(1) Elite sports are among the hardest professions in the modern world. Injuries, fame, hangers-on, the weird world of celebrity and sound bites and media pressures and chronic pain and trying to meet everyone else’s expectations and having about a three-year window to compete at the highest level unless you’re insanely exceptional…this is not a fun world. As someone who has covered this world and talked with some of the planet’s most famous athletes, let me reiterate: this is not a fun world. It can be managed well, and I think our starting quarterbacks on Sunday have done just about as good a job of managing that world as one could hope for, but it’s very tough.
(2) We can be our own inspirations. We don’t need to live and die by the exploits of a sports team and get a vicarious thrill by watching them compete, and think that their wins or losses somehow affect our own self-esteem. If we get out there and take care of ourselves and compete on our own terms, in our own playgrounds, we’re going to be successful in our own right.
(2.5) One more small thought. Charisma and the ability to positively influence others comes in many forms. I’ve watched a successful Weight Watchers member gently and quietly talk another member off the ledge when that member was struggling to see the light at the end of the tunnel. If you become an example to others of what living healthfully can achieve, you are by definition influential, inspirational, and charismatic. Trust me on this. Somebody out there is watching you – and is learning from your example.
So on Sunday, I will go out in the morning for a long run (Monday is 11 weeks until the Boston Marathon). And then my hubby and I will watch the Super Bowl together, because we watch every Seahawks game together. (And every Packers game too – their season ended too soon this year.) My self-esteem that day will come not from whether Russell Wilson and our band of brothers called the ‘Hawks pull it off against a formidable Denver Broncos team. It will come from fulfilling the commitment I’ve made to working out every 48 hours this year, and the commitment I’ve made to my family to be healthy and strong. That’s one of the big reasons I’m not in New York right now covering this Super Bowl, by the way, or in Sochi getting ready for the Winter Olympics. I’ll get back there when the time is right. When I do, you can bet I’ll be doing it healthfully, because I’m locking in the habit of getting after it every 48 hours right here. Keep me accountable on this one.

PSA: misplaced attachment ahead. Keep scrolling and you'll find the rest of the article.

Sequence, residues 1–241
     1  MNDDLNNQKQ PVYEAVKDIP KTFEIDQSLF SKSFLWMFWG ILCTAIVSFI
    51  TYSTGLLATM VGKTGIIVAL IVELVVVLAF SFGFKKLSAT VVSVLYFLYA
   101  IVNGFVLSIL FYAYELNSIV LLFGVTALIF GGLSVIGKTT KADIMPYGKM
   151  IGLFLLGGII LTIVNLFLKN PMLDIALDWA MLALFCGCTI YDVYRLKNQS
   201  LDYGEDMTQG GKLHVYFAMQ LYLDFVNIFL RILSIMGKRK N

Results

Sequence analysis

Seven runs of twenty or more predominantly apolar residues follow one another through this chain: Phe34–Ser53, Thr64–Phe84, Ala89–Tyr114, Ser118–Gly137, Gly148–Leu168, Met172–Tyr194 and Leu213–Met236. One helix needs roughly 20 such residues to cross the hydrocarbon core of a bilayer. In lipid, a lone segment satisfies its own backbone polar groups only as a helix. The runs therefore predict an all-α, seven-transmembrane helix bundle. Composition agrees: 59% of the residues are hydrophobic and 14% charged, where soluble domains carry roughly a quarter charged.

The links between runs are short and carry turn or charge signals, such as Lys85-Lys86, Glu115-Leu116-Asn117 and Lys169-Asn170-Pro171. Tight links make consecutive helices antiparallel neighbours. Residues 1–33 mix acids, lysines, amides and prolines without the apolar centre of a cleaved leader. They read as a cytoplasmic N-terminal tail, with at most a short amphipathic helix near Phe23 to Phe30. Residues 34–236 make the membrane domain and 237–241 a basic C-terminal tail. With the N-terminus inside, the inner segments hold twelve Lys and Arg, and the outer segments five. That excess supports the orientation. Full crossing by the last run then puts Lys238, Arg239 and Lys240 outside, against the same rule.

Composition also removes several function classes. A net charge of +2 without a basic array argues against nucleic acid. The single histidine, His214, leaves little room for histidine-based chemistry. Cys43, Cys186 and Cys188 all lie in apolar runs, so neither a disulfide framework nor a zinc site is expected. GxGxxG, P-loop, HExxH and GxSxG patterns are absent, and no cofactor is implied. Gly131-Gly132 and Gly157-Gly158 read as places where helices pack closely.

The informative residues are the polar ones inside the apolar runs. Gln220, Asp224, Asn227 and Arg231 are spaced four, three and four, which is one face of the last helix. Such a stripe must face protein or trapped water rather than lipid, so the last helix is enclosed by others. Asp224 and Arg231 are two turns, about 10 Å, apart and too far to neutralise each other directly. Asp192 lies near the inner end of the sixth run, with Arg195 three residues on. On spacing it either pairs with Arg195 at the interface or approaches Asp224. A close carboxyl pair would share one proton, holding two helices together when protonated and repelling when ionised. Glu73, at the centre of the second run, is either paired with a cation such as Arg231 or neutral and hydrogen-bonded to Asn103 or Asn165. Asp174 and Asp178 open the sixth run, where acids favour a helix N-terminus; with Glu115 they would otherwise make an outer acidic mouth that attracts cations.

Have a great weekend. See you on Monday for the next installment of #every48. Thank you so much to the 150 people who found this blog in its very first month of existence and generated 308 page views. That means somebody is reading this blog.
And that means I have to keep doing it. See, Richard Sherman? I like to write checks I’m going to have to cash, too. <wink>
Seriously. See the wink? Right over there. —->
And, just in case we’re not clear about Sunday: #GOHAWKS. I do hope Peyton has a great game too. Ridiculously legendary athlete there. But still. #GOHAWKS